If you ever decide to do business with related parties, other quotes will support the “going rate” in your market and show you aren’t providing an excess benefit.
Don’t generate excessive unrelated business income (UBI). UBI is income from a trade or business activity that is regularly carried on and is unrelated to your exempt mission. Although the Internal Revenue Code is silent as to how much is too much, excessive UBI has been interpreted as spending a “significant” amount of time on the unrelated activity.
Your nonprofit can elect to use the latter option — called a 501(h) election — by filing Form 5768. (Churches are ineligible.) The 501(h) election sets a defined limit on the amount of resources an organization can use to influence legislation before losing its exempt status, based on a percentage of its total expenses.
For example, if an organization has more expenditures for the unrelated activity than program expenses, the IRS likely will consider terminating its exempt status. But courts have considered an organization spending even as little as 10% of its total efforts on a UBI activity to be too much.
Political campaign activities include making contributions to a political campaign fund or making public statements for or against a candidate (either written or verbal). Participating in any of these activities can result in the IRS either revoking your exempt status or imposing certain excise taxes on your organization. F
Social impact bonds – the newest funding wave?
lthough pioneered in the United Kingdom, social impact bonds have captured the attention of U.S. philanthropists, governments and investors as a new approach to funding social programs. Several American cities have started the ball rolling here by paying certain social service providers based on their success.
contracts with the nonprofit) only if the outcomes are achieved. Other considerations: These programs may incur higher costs for engaging a third party to evaluate results. And the investors (not the nonprofits) are subject to the risk, because they might not earn income or receive a return on their capital.
Nonprofits that contract with the government and others to provide services need to get up to speed on the basic concepts behind such programs.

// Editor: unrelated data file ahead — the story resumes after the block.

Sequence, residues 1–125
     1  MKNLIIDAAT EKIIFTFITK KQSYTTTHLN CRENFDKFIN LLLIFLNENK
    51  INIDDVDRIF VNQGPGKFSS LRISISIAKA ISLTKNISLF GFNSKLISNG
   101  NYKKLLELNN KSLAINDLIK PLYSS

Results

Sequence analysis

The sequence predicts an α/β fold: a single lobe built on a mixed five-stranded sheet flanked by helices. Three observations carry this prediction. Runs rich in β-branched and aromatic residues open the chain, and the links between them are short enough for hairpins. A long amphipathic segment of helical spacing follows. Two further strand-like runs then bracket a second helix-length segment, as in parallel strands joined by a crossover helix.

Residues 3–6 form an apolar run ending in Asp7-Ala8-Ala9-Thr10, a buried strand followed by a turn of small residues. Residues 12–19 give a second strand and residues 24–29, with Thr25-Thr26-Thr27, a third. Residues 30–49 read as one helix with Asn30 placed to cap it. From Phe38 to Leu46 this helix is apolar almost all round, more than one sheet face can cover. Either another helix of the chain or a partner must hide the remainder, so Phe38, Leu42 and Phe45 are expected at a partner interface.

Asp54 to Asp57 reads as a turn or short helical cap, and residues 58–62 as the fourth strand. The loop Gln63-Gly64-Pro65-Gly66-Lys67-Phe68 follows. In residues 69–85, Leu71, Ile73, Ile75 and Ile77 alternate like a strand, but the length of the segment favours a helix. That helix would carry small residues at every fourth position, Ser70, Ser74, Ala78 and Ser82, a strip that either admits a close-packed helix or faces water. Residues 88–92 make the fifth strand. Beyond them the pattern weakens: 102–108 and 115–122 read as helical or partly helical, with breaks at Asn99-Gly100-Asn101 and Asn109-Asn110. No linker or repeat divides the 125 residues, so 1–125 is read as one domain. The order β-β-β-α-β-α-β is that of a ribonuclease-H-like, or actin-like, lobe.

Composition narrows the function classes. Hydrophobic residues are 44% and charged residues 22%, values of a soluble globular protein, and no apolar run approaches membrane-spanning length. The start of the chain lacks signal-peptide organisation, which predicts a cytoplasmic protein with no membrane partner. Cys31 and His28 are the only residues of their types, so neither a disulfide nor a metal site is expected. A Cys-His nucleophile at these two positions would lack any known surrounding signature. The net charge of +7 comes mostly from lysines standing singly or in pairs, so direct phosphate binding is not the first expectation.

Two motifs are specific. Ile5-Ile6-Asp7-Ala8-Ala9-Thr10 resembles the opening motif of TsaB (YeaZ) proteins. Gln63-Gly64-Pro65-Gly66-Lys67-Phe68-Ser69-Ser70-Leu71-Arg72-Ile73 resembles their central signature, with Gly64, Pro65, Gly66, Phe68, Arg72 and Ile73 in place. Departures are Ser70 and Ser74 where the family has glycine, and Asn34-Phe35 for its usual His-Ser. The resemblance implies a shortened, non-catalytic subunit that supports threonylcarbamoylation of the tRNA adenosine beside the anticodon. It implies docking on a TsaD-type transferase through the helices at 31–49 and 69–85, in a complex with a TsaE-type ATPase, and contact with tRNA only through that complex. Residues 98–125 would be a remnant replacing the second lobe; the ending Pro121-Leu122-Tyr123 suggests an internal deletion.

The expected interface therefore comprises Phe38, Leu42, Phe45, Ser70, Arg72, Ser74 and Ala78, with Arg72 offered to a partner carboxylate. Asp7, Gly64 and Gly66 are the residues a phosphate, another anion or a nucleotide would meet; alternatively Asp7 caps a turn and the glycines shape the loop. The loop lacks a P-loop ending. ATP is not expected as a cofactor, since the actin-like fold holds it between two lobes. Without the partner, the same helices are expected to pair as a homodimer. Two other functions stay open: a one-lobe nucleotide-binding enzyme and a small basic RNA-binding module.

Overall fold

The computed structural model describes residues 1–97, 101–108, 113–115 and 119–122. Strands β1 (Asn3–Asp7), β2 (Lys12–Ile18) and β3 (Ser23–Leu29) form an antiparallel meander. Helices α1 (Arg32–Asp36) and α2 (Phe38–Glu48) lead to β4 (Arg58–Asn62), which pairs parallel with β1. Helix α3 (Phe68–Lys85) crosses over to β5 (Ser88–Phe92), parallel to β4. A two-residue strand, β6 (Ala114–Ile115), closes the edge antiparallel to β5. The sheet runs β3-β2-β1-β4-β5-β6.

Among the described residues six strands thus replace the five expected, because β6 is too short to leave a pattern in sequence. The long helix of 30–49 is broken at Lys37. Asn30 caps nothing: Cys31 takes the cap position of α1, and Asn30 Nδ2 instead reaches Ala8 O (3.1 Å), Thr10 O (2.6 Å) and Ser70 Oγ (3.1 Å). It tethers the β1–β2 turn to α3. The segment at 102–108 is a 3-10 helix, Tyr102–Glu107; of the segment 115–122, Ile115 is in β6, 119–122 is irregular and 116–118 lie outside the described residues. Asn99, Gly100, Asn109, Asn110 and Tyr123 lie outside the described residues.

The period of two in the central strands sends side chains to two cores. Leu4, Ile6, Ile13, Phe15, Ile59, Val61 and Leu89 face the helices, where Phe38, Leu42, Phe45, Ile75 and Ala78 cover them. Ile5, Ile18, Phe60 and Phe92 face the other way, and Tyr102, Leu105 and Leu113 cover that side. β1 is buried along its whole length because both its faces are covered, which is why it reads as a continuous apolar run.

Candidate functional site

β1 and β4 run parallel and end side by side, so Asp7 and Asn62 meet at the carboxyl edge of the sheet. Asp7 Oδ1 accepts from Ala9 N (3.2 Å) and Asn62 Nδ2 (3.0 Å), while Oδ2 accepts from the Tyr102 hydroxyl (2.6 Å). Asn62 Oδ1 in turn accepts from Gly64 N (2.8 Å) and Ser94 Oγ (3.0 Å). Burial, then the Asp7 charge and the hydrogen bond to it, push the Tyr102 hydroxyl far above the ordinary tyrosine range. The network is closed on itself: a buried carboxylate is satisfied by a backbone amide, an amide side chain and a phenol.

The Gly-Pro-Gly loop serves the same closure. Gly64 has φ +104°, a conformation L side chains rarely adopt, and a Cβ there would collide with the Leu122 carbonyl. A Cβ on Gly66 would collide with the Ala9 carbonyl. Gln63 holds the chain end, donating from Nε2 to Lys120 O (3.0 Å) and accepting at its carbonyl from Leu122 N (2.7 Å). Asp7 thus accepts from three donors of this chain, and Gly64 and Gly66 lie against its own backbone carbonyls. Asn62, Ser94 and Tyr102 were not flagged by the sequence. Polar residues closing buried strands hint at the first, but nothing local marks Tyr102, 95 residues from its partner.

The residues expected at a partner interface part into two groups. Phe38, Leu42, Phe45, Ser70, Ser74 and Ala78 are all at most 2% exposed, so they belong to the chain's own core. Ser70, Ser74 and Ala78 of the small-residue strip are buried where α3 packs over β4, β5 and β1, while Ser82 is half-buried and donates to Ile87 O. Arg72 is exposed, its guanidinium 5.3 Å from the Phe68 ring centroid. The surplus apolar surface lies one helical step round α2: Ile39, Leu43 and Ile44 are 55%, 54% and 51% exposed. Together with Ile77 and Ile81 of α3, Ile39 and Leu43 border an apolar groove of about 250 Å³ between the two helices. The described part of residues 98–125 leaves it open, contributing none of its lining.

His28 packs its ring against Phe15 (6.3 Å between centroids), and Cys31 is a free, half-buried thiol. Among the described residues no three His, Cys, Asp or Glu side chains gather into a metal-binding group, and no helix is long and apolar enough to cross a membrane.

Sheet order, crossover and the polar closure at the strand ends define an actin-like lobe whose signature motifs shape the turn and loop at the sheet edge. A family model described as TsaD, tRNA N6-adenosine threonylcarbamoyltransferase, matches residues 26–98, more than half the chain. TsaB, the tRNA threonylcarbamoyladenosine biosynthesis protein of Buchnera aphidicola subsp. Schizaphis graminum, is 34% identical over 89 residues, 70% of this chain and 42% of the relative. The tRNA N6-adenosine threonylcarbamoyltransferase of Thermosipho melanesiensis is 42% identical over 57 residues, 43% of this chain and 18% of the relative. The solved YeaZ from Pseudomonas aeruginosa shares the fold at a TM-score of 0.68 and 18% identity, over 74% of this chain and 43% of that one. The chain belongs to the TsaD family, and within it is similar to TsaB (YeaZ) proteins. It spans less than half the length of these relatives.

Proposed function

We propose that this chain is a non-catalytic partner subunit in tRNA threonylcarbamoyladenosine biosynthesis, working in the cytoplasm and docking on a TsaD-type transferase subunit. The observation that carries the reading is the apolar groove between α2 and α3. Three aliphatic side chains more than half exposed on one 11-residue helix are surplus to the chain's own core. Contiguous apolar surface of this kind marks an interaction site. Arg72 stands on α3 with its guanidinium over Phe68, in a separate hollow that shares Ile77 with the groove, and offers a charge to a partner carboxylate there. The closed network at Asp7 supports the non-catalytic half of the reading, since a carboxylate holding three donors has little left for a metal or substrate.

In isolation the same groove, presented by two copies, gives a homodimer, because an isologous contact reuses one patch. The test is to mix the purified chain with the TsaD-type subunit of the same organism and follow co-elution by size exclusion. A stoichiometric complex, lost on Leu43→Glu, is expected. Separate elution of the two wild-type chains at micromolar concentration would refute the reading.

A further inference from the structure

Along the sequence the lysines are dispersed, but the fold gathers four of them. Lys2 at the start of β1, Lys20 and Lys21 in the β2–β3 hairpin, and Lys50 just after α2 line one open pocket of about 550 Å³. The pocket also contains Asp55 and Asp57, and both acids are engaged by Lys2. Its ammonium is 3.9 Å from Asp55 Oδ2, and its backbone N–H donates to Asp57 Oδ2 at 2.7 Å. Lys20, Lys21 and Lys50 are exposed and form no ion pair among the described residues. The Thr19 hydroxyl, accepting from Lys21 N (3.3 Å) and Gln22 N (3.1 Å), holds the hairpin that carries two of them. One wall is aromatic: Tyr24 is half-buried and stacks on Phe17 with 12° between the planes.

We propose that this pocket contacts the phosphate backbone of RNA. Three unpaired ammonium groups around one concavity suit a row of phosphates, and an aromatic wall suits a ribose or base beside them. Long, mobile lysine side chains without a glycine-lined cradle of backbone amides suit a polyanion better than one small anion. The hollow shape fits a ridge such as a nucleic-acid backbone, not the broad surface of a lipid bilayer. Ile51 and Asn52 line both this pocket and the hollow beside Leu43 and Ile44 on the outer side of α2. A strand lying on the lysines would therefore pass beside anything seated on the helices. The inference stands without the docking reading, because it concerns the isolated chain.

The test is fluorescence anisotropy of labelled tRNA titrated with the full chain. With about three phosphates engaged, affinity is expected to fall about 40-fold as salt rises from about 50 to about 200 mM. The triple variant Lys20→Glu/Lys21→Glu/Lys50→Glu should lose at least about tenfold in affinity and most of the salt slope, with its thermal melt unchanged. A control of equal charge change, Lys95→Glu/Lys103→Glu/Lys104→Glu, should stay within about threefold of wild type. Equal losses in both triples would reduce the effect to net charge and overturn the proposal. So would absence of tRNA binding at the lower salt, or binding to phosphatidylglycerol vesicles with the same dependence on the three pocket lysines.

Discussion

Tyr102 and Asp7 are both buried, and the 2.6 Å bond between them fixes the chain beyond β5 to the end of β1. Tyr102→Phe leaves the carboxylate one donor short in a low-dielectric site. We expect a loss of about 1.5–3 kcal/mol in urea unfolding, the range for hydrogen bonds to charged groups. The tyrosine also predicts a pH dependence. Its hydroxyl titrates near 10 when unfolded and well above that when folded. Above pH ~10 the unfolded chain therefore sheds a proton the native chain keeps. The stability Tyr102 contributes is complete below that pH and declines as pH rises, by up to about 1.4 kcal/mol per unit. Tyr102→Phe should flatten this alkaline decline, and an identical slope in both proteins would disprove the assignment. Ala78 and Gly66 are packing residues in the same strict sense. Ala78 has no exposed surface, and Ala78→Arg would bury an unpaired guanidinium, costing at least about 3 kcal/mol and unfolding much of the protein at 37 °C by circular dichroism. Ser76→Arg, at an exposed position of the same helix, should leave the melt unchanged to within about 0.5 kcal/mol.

Outside investors will receive
IN A NUTSHELL Social impact bonds require that the government agency pay the nonprofit (or an intermediary that
a share of the governmental payments made for successful outcome-based performance.
Traditionally, government agencies extend funding to nonprofit social service providers to pay for specific activities or delivery models. But what if the nonprofit lacks the upfront money to pursue the required outcomes? Few organizations have the deep pockets necessary to fully finance programs themselves. That’s where outside investors — including philanthropists and foundations — come in. They supply the necessary capital and operating funds by investing in “pay for performance” bonds issued by the nonprofit or its intermediary. In exchange, they’ll receive a share of the governmental payments made for successful outcomebased performance. THE ADVANTAGES Not surprisingly, government agencies are attracted to the idea of transferring risk from taxpayers to nonprofits and private investors. But social impact bonds may provide additional benefits to government bodies and taxpayers. For example, the bonds could help fund the type of preventive services (such as medical screenings that
facilitate early intervention) that could save more government funds down the road. Social impact bonds also will, hopefully, eliminate wasteful spending on programs that don’t work but have continued to receive funds because they undergo little evaluation. Another benefit: Traditional funding frequently comes with tight restrictions that stifle novel but
as-yet-unproven approaches. Social impact bonds are believed to foster creativity. ARE YOU A CANDIDATE? Social impact bonds won’t work for every social service nonprofit. They’re still novel and the extent of a capital market for social programs is uncertain. But if your service has measurable outcomes that are highly correlated with social net benefits that could save a governmental agency meaningful amounts of money, social impact bonds could be in your future. F
Getting a handle on the flow of cash
n a slow economy, many nonprofit leaders worry about having enough money to meet their organizations’ financial obligations each month. But those who effectively monitor their nonprofits’ cash flow can successfully predict when the money coming in will balance with the money going out, when they’ll have a surplus of cash, and when they’ll have a shortage. They can plan — and take actions — accordingly.